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1st Marine Division

August 21, 2011 | By Brittany Levine, Los Angeles Times
One Marine's tragedy became another's lifeline this month as medical staff on opposite sides of the country worked quickly on an out-of-the-ordinary kidney donation. The fast-paced transplant underscores the deep bond among service members and their families, according to friends and relatives. As Sgt. Jacob Chadwick prepared to leave the hospital Aug. 11, hundreds of police cars and motorcycles escorted 2nd Lt. Patrick Wayland's casket through his hometown of Midland, Texas, where thousands lined the streets waving American flags.
July 5, 2004 | Tony Perry, Times Staff Writer
There will be talk this Fourth of July weekend about sacrifice and bravery. Elena Zurheide knows all about those things. On April 12, her husband, Marine Lance Cpl. Robert Paul Zurheide Jr., was killed in Fallouja, Iraq, when a mortar shell landed in the middle of several Marines hunkered down in an abandoned schoolhouse during a firefight. On May 1, Elena Zurheide gave birth to the couple's only child, named for his father.
The 1st Marine Division from Camp Pendleton, steeped in the history of three wars, is taking its reputation into the massive ground battle against entrenched Iraqi troops. This force of roughly 20,000 ground-combat Marines, better educated and more highly trained than earlier generations of Marines, brings its own brand of fast-moving, hard-hitting tactics against the enemy.
October 11, 2003 | Tony Perry, Times Staff Writer
It was a day that brought tears to family members who had already known tears and searing pain in recent months. But Julie Cawley Hanson of Ogden, Utah, would not have been anywhere else. She was at the memorial service Friday for the 35 Marines and four Navy medics from the 1st Marine Division who were killed in Iraq. Among them was Hanson's brother, Marine Staff Sgt. James Cawley, killed in the first week of the war.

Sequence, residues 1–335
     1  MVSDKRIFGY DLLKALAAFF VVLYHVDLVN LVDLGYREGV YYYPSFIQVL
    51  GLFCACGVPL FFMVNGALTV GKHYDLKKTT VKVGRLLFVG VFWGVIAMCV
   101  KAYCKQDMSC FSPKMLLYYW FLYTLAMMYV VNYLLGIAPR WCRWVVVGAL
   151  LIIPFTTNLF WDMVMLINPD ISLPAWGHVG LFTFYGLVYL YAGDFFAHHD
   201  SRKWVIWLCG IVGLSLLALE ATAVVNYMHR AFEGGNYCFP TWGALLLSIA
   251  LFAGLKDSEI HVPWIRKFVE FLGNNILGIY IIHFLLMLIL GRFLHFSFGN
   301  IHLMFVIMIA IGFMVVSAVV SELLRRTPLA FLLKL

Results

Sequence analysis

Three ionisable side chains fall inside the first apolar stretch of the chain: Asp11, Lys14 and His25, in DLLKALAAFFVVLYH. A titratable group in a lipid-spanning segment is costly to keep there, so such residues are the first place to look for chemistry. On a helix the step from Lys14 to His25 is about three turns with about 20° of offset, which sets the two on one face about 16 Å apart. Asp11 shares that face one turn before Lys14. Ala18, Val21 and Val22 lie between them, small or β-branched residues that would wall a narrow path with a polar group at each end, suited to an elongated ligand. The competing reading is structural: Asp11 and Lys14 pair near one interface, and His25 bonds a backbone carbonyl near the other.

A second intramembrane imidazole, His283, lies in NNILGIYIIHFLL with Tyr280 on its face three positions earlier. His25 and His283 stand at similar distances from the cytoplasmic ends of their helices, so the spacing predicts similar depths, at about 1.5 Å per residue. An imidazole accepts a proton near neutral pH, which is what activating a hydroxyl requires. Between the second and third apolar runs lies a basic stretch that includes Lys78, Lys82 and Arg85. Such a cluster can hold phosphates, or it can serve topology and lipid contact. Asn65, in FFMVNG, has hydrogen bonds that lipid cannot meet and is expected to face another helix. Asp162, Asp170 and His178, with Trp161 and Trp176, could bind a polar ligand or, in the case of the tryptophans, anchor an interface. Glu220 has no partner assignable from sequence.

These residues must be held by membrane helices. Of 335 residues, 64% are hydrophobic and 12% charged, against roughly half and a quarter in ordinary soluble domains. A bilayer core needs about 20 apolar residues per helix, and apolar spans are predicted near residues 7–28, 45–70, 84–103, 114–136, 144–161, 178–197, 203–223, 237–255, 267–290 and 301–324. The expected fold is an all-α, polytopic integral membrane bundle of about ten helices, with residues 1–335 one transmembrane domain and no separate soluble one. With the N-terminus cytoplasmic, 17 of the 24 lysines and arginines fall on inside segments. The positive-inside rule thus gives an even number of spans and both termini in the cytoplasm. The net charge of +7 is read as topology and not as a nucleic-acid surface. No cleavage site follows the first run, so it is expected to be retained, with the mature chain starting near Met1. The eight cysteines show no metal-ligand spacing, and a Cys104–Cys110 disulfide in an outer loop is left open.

October 5, 2003 | Tony Perry, Tony Perry, San Diego bureau chief for The Times, was an embedded reporter with the 1st Marine Division in Iraq.
In his classic study of the U.S. Marine Corps, "First to Fight," retired Lt. Gen. Victor H. "Brute" Krulak notes that one defining characteristic of his beloved Corps is an institutional paranoia ("sometimes justified, sometimes not") that political forces are forever conspiring to disband the Corps or, worse, put it under the control of the much larger Army.
April 16, 2004 | Tony Perry, Times Staff Writer
Maj. Gen. James N. Mattis paused briefly to watch his troops digging fighting holes during a lull in combat with Iraqi insurgents. "That's why the good Lord made the earth," he said to his Marines. "Dig to live." Then he jumped into his personal light armored vehicle stuffed with electronic gear he uses to stay in touch with field commanders.
November 4, 2004 | Mark Mazzetti, Times Staff Writer
In the weeks after the fall of Baghdad, Iraqi looters loaded powerful explosives into pickup trucks and drove the material away from the Al Qaqaa ammunition site, according to a group of U.S. Army reservists and National Guardsmen who said they witnessed the looting. The soldiers said about a dozen U.S. troops guarding the sprawling facility could not prevent the theft because they were outnumbered by looters.
May 25, 2009 | Tony Perry
An American flag encased in glass dominates the living room of the town house Marine Staff Sgt. Ryan Gray shares with his wife and their two small children. Sewn onto the flag with black thread are the names of 30 Marines who lost their lives in Iraq. Twenty-four died in a helicopter crash. Gray was almost one of them. He had thrown his pack aboard the Super Stallion CH-53E headed to the Syrian border, but there was no room for him. He jumped aboard a second chopper.
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